The Keemosabees at the 12 South Taproom Monday February 24th 2020 - 8:00pm

The Keemosabees are three of Nashville’s most versatile musicians, songwriters, and singers. Ricky Ray (guitar/vocals), Rick Lonow (drums/vocals) and Dave Pomeroy (bass/vocals) are longtime friends who joined forces in 2013 as the Keemosabees. Collectively they have worked with and written songs for dozens of iconic artists such as Waylon Jennings, Chet Atkins, Poco, Elton John, Earl Scruggs, John Prine, and Tony Joe White. Led by the funky guitar and soulful voice of Ricky Ray, the Keemosabees musical chemistry gives them the freedom to blend styles into their own distinctive blend of American roots music. You could call it “country-funk-blues soul” if you need a genre!

Ricky Ray has worked with Dobie Gray, Tony Joe White, and Joe Cocker, and his songs have been recorded by Etta James, Ruth Brown, The Band, and many more. Rick Lonow has long been regarded as one of Nashville’s most versatile drummers, playing on three Grammy winning recordings by June Carter Cash, many albums with artists including Billy Joe Shaver, Loretta Lynn, and The Jamie Hartford Band, as well as co-writing the Poco hit “Call It Love.” Bassist Dave Pomeroy has played on records by Keith Whitley, Trisha Yearwood, Alan Jackson, and Alison Krauss, in concert with Steve Winwood, Peter Frampton, Willie Nelson and John Fogerty, and has had songs recorded by Chet Atkins, Don Williams, and the Sweethearts of The Rodeo. Ricky, Rick, and Dave are staking out new territory as The Keemosabees, and their live performances are exciting, unpredictable and very satisfying for all concerned.

Monday February 24th 2020 - 8:00pm

The Keemosabees at Puckett's Saturday February 22nd 2020 - 8:30pm

The Keemosabees are three of Nashville’s most versatile musicians, songwriters, and singers. Ricky Ray (guitar/vocals) and Dave Pomeroy (bass/vocals) are longtime friends who joined forces in 2013 as the Keemosabees. Drummer/vocalist Vince Santoro joins them for this show. Collectively they have worked with and written songs for dozens of iconic artists such as Waylon Jennings, Chet Atkins, Elton John, Earl Scruggs, John Prine, and Tony Joe White. Led by the funky guitar and soulful voice of Ricky Ray, the Keemosabees musical chemistry gives them the freedom to blend styles into their own distinctive blend of American roots music. You could call it “country-funk-blues soul” if you need a genre!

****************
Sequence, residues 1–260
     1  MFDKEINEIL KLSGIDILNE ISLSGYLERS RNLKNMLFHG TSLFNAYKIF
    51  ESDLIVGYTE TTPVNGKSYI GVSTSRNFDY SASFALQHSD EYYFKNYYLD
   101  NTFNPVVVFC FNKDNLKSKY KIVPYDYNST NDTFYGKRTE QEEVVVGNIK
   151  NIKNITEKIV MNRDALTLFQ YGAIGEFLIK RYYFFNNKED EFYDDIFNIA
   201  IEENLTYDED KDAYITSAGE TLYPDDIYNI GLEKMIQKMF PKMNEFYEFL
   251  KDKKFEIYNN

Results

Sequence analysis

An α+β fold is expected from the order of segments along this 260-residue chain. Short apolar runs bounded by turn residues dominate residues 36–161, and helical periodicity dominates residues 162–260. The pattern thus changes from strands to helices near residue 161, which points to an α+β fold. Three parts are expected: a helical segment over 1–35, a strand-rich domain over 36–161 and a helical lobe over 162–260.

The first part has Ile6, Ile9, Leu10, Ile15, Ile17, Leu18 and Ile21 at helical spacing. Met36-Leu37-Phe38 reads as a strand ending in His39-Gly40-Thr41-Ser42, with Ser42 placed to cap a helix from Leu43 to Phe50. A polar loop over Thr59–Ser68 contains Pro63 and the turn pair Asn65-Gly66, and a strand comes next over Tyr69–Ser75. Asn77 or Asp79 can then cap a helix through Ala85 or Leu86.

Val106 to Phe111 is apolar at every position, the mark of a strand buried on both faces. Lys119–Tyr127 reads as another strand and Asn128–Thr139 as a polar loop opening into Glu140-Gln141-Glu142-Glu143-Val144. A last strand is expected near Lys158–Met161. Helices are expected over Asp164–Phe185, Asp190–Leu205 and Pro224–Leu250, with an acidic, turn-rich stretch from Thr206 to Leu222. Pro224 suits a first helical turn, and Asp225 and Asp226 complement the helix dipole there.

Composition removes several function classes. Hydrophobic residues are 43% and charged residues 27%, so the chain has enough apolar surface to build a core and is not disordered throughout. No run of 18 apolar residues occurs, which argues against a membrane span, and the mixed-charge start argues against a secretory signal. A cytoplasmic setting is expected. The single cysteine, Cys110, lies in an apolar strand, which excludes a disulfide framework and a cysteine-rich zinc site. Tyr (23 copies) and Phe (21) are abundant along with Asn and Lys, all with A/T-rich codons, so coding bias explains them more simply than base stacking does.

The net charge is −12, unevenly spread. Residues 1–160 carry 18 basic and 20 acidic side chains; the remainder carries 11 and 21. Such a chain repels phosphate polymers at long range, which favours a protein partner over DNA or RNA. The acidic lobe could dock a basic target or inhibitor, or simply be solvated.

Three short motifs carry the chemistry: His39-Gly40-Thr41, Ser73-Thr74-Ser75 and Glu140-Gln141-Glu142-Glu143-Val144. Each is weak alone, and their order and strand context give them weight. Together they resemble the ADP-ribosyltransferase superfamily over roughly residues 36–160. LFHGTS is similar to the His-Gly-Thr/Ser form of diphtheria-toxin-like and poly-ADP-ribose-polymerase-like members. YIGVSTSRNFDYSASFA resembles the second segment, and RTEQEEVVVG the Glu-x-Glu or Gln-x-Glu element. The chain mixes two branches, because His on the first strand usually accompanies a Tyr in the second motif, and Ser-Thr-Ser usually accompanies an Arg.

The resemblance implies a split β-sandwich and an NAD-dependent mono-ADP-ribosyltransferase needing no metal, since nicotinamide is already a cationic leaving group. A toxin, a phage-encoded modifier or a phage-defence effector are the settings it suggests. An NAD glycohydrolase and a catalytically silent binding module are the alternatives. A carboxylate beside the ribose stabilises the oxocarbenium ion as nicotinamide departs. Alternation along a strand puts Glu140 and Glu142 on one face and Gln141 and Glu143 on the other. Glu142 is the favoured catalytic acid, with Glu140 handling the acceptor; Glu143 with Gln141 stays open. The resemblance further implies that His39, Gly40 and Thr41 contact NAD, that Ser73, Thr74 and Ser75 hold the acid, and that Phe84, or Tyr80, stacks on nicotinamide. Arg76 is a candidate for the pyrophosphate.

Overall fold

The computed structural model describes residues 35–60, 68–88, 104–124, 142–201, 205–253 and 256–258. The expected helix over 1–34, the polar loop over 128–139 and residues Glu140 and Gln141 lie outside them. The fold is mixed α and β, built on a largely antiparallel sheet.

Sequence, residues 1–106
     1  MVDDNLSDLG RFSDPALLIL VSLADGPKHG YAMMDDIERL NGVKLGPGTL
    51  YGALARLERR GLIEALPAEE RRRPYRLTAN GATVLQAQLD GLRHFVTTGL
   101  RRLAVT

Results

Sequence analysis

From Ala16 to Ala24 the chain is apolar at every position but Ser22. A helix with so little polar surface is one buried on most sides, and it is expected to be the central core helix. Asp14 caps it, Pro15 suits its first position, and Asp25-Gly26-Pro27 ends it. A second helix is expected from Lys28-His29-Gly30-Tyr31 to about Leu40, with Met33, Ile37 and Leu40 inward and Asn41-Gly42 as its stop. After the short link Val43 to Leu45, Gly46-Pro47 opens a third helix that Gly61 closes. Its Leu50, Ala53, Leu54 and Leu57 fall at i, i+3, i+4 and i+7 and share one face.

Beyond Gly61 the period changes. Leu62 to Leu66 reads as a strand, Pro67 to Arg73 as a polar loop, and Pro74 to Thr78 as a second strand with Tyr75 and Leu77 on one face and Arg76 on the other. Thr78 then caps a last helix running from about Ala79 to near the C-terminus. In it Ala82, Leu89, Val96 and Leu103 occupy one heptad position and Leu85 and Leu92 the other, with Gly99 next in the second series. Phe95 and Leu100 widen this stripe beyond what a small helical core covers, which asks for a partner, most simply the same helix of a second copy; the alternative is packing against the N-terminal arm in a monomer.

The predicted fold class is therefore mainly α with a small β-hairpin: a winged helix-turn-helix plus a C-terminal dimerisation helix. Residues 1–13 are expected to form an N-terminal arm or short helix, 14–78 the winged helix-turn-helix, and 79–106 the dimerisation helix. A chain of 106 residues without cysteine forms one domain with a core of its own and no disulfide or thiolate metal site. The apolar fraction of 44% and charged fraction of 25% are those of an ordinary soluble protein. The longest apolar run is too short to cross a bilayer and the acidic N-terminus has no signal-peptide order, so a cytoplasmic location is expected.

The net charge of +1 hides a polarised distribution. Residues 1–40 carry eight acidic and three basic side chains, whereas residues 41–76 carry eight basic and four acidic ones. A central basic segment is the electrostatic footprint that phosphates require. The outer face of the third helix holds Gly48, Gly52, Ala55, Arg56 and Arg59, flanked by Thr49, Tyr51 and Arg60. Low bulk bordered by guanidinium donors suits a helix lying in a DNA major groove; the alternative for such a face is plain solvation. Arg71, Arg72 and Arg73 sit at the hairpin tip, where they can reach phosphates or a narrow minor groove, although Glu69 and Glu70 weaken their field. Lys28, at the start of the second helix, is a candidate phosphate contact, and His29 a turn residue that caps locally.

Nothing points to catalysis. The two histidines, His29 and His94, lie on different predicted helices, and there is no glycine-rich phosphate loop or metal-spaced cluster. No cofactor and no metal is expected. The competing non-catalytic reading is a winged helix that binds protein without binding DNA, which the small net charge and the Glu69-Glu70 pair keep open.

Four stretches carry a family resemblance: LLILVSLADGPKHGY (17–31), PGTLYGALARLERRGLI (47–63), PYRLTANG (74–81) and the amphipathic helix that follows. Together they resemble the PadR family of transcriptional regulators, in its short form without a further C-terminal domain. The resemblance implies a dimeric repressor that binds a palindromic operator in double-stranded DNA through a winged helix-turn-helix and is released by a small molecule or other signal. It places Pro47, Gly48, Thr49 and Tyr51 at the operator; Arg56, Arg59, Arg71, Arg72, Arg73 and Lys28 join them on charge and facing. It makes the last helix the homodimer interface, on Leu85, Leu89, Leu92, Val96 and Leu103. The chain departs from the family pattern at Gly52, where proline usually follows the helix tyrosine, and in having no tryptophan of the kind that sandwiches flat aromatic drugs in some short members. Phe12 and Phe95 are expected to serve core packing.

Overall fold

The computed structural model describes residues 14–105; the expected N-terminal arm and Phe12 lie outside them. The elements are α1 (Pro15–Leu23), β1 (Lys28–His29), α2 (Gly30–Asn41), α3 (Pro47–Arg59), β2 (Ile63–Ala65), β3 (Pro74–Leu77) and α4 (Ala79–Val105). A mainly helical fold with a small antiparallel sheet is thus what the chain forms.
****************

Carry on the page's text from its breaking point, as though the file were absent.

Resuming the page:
Ricky Ray has worked with Dobie Gray, Tony Joe White, and Joe Cocker, and his songs have been recorded by Etta James, Ruth Brown, The Band, and many more. Bassist Dave Pomeroy has played on records by Keith Whitley, Trisha Yearwood, Alan Jackson, and Alison Krauss, in concert with Steve Winwood, Peter Frampton, Willie Nelson and John Fogerty, and has had songs recorded by Chet Atkins, Don Williams, and the Sweethearts of The Rodeo. Ricky and Dave are staking out new territory as The Keemosabees, and their live performances are exciting, unpredictable and very satisfying for all concerned.

Saturday February 22nd 2020 - 8:30pm

Jim Rooney and the Irregulars at the Station Inn Wednesday February 19th 2020 - 9:00pm

Multi-talented producer, publisher, songwriter, and performer Jim Rooney brings his band of top Nashville musicians to the Station Inn for a night of great songs, solos, and surprise guests! Band members include Pat Alger, Pat McInerney, Dave Pomeroy, Pete Wasner, and Jelly Roll Johnson. Rooney has worked with Nanci Griffith, John Prine, Hal Ketchum, Kathy Mattea, Jack Clement and many more legendary artists, and you never know who may come down to sit in with this band of rabscallions and their fearless leader!

Wednesday February 19th 2020 - 9:00pm

R.I.P. Sleepy LaBeef 1935-2019 - A Tribute by Dave Pomeroy

Saturday January 4th 2020 - 12:16pm -- davepomeroy
Peter Guralnick, Sleepy LaBeef, Dave Pomeroy 2012

It is difficult to describe the impact Sleepy LaBeef had on my life. I was 21 years old when I moved to Nashville in October 1977. After just a few weeks, it became apparent to me that despite my own confidence in my musical skills, I was not going to immediately rise to the top of the heap, and I needed a gig badly. I made up a few homemade business cards, and posted them in all the music stores I could find, hoping to land some kind of job that would start the proverbial ball rolling.

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